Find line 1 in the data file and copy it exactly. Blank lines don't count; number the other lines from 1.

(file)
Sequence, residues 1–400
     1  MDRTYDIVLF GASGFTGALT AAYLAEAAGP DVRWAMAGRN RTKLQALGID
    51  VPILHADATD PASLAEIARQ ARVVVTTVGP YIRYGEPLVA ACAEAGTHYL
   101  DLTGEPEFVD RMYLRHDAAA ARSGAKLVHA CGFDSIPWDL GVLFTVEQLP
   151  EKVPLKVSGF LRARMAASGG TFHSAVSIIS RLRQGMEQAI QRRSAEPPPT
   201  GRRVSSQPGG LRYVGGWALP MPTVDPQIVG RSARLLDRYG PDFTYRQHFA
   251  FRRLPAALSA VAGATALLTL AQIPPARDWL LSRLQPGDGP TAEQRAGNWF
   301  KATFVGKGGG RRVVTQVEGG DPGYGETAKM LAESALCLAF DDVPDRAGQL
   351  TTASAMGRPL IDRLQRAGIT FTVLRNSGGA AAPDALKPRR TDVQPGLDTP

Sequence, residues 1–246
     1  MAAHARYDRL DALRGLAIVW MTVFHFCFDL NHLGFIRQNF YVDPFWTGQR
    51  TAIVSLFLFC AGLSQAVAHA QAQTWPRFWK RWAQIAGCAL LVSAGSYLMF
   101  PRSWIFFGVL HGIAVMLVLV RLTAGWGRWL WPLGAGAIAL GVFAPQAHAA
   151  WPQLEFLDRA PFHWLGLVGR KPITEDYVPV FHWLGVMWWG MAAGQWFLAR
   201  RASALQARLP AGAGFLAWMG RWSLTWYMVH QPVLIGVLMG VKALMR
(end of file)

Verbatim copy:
Sequence, residues 1–400